Texas Trooper Allegedly Told to Deny Migrants Water, Push Children Into Rio Grande: Reports

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Inside Edition Digital has reached out to the Texas Department of Safety for comment and has not heard back.

A Texas trooper is alleging that he was told to deny migrants water and push children into the Rio Grande, according to reports.

Texas troopers employed by Governor Greg Abbott’s border patrol initiative were instructed to push children into the Rio Grande and deny migrants water in extreme heat, according to emails sent by a state employee later identified as Nicholas Wingate, The Guardian reported.

The emails were initially obtained by the Houston Chronicle.

Wingate, a trooper-medic from the Texas Department of Safety expressed concern over “inhumane” actions towards migrants in an email dated July 3 to supervisors, according to the Houston Chronicle.

Wingate also revealed other unreported incidents involving migrants, according to The Guardian.

Wingate told a supervisor in the July 3 email that upon encountering a group of 120 migrants on June 25 — including young children and mothers nursing babies — in Maverick County, a rural Texas border county, he and another trooper were ordered to "push the people back into the water to go to Mexico,” NBC News reported.

Inside Edition Digital has reached out to the Texas Department of Safety for comment and has not heard back.

In an email to Inside Edition Digital, a spokesperson with the Texas Military Dept. says, "The Texas National Guard mission is to work alongside our Texas law enforcement partners to prevent, deter and interdict transnational criminal activity between ports of entry. There is no order or directive instructing Service Members to push illegal immigrants back into the river or deny them drinking water. "

However, Travis Considine, a spokesperson for the Texas Department of Safety, told NBC News the accounts provided by the trooper were under internal investigation. He added the department has no directive or policy that instructs troopers to withhold water from migrants or push them back into the river, NBC News reported.

Wingate and other troopers reportedly contacted their superiors while on duty and again in writing, calling for changes to the latest Operation Lone Star policies brought in by Abbott, CNN reported.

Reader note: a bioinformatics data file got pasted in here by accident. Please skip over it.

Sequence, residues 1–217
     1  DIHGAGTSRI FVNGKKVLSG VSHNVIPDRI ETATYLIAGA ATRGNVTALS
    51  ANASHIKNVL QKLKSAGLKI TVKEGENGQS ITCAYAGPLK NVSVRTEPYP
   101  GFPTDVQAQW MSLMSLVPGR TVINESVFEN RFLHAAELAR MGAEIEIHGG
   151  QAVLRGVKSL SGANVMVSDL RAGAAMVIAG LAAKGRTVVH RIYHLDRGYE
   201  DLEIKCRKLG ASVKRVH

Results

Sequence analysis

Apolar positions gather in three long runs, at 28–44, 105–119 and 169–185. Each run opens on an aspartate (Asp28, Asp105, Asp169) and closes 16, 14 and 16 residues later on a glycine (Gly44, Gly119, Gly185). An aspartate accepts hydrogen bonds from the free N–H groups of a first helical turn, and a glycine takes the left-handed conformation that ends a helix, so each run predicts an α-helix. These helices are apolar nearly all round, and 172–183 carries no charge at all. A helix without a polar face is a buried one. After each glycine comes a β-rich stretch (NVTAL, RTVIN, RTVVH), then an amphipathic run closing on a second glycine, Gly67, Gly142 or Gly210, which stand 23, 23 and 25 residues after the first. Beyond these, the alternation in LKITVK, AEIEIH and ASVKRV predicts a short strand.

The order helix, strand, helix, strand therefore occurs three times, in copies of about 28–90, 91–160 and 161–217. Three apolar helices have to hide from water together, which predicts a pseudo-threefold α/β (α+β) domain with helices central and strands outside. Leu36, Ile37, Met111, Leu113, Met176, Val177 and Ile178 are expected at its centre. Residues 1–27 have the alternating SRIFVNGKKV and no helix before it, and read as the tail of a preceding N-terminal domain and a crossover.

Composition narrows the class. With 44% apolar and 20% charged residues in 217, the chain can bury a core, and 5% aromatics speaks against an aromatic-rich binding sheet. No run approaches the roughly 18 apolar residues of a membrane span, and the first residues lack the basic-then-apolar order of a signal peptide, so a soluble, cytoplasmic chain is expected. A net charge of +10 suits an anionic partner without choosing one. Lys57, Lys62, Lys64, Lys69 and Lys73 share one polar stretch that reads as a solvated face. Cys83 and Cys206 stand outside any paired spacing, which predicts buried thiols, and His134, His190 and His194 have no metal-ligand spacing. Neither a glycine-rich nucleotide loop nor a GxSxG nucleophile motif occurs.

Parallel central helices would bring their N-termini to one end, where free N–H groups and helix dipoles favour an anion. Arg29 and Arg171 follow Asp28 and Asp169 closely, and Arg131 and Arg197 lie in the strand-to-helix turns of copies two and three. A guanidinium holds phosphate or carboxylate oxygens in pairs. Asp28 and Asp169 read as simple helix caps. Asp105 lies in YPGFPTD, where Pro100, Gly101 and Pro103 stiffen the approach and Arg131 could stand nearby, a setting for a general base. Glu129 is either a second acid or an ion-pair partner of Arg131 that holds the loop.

“I believe we have stepped over a line into the in humane [sic]. We need to operate it correctly in the eyes of God,” Wingate reportedly wrote. “We need to recognize that these are people who are made in the image of God and need to be treated as such.”

In the email, Wingate also voiced concerns over the casualty wire, CNN reported.

“The casualty wire needs to provide protection to the state and provide a safe means of travel on solid land to proper collection points. The wire also needs to be manned and patrolled constantly to provide security for these families who are seeking refuge. The wire on the shore needs to be lighted at night so people can see the wire and not stumble into it as a trap. The wire and barrels in the river (need) to be taken out as this is nothing but a in humane [sic] trap in high water and low visibility,” the trooper wrote.

Following the allegations, Abbott's office issued a statement that said no orders have been given “that would compromise the lives of those attempting to cross the border illegally.”

The statement made to CNN, however, did not address Wingate’s specific accounts and defended the border mission overall.

The statement also said the razor wire “snags clothing” but did not address the specific allegations of migrants being cut and bloodied by the barrier.

“The absence of these tools and strategies—including concertina wire that snags clothing—encourages migrants to make potentially life-threatening and illegal crossings. Through Operation Lone Star, Texas continues stepping up to respond to the unprecedented humanitarian crisis at our southern border,” the statement read.

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